Officials with the Louisville school district are proposing major changes to a few of its lower performing schools that would extend the school day, shift students around and create new positions.
The JCPS school board met this week to hear proposals that would affect several schools, but are focused on Frost Middle School, Myers Middle School and The Academy at Shawnee (formerly Shawnee High), all of which are deemed priority schools (aka persistently low-achieving schools).
Under the proposal for Frost Middle School, students entering the sixth grade in the 2014-2015 school year would participate in a “Transition Academy, which includes an extended school day.
These same students would also attend an additional four weeks of school in the summer where they would be individually assessed and given an education plan that would help them become proficient in reading and math by the end of the school year, the JCPS report says.
According to last year’s accountability data, only 11 percent of Frost’s sixth graders were proficient in reading and 12 percent in math. That’s compared to 37 percent of JCPS sixth graders and 46 percent statewide.
Offering these additional supports should help attract students who live in the area but are opting to attend other schools, the report says.
Also during the 2014-2015 school year, all seventh and eighth grade students at Frost would move to Valley High School and participate in a new “Preparatory Academy,” which would also have an extended school year and offer similar assessments. The academy would also hold classes until 5 p.m. three days a week.
“The theme of extended learning time is something we are continuing to hear and something we’re putting a lot of emphasis on for making progress,” says JCPS board member Debbie Wesslund.
All middle school students enrolled in both the Preparatory Academy and Frost Middle would be given supports that “instill the ‘Growth Mindset’ in all students by emphasizing problem solving, perseverance and creating stamina,” the report says.
Finally, all students at The Phoenix School of Discovery—which offers an alternative learning environment serving struggling students—will be moved to Frost Middle School and would receive similar supports as needed.
The estimated cost for these changes at Frost and Valley is $760,000.
The second proposal is to offer a “Cadet Academy” at Myers Middle School, which is also one of the district’s 18 priority schools. The Cadet Academy will be offered as a magnet program that will help students transition to a high school JROTC (Junior Reserve Officer Training Corps) program, if they desire, the report says.
The academy would focus on creating responsible students by establishing a framework to improve student behavior and academic performance and create teamwork among all cadets, according to the report.
JCPS says the Cadet Academy is “non-branch specific and it is not a military recruiting tool.”
The cost to the district would be around $130,000 to get the program off the ground.
Finally, The Academy at Shawnee High School would redesign its leadership and utilize a private-public partnership with Ford Foundation’s Next Generation learning program, which is meant to foster more community partnerships and build better teachers.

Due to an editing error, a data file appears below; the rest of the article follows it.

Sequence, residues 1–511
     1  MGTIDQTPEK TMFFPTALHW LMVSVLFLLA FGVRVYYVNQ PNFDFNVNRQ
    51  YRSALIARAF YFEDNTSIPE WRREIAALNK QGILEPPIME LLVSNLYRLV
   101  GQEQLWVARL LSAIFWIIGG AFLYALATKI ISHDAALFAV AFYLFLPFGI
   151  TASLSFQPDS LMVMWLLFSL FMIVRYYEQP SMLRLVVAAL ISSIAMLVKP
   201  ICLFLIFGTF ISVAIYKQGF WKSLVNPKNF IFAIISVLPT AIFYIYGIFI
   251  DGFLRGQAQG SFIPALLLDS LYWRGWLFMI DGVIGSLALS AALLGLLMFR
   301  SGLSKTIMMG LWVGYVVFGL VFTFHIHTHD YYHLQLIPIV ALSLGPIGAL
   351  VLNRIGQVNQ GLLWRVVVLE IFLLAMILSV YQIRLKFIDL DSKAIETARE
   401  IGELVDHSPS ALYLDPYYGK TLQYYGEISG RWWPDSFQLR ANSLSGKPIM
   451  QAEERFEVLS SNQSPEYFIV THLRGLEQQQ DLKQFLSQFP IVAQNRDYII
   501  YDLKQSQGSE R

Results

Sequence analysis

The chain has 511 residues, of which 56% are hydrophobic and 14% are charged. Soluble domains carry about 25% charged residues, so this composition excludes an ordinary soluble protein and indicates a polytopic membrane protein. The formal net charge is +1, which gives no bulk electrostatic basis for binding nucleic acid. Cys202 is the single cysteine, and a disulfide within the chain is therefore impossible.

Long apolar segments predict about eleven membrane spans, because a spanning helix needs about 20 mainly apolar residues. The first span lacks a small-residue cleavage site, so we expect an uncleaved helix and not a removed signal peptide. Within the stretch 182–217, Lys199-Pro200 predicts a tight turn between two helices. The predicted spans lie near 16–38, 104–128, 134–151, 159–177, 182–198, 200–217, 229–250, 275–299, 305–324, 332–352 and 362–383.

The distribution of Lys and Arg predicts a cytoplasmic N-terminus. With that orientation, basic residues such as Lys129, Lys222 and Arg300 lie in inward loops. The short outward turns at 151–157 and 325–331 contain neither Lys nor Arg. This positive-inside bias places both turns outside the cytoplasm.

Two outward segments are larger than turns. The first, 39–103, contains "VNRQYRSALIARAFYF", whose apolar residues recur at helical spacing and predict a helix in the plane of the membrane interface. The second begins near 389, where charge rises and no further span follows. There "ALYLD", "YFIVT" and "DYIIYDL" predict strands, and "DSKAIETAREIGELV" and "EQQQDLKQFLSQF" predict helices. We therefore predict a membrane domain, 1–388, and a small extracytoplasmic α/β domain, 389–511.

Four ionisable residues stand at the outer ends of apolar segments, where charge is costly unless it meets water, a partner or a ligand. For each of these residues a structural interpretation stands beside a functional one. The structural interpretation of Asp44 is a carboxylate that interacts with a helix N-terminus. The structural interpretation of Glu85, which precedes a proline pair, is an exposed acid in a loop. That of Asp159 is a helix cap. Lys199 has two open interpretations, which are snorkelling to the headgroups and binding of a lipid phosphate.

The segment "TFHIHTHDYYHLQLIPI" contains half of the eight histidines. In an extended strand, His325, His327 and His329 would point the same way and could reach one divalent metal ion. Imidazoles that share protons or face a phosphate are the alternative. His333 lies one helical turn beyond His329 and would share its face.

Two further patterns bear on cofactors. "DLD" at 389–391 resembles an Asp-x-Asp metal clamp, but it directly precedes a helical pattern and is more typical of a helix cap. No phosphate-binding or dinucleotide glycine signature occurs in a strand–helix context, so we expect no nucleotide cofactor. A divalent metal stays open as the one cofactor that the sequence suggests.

Shawnee would also work with the University of Louisville that will help design the restructuring. The school would add a provost and school administration manager, who would help oversee operations. Further, the school would be separated into three academies (middle, prep, upper) that will consist of a vice principal, dean and teachers that will lead the efforts at each level.
The proposal would also extend the school day for both students and teachers and would utilize the district’s Louisville Linked initiative to offer wrap around services that work in partnership with UofL’s Kent School of Social Work, School of Nursing and Medicine, College of Education and Human Development, Brandies School of Engineering.
JCPS board member Linda Duncan said she was pleasantly surprised by most of the changes proposed, but the plan for Shawnee left her shaking her head. She says it may be too focused administrative adjustments rather than addressing how to get more students to enroll in the school.
“Our challenge with Shawnee is its location and trying to draw people into Shawnee high school,” she says.
Duncan even mentioned lifting Shawnee from its magnet program status and allow any student in the neighborhood to enroll the school.
Jefferson County Teachers Association president Brent McKim said the district has not reached out to the union regarding these various proposals.
Because the schools are deemed “priority” status the schools are not subject to following provisions in the union contract, but McKim says, “the implementation would be better if we were involved along the way because when they’re [the teachers] operating as they’re operating now, at best they get compliance, but what we should want is shared ownership and commitment to initiatives. “
“We would love to be a partner in helping to improve the schools and any improvement effort is going to be better if you have the practitioners involved with the design,” he says.
Over the next month the district will seek community feedback and continue working on these various plans. It’s expected to present a formal proposal during a board meeting in October.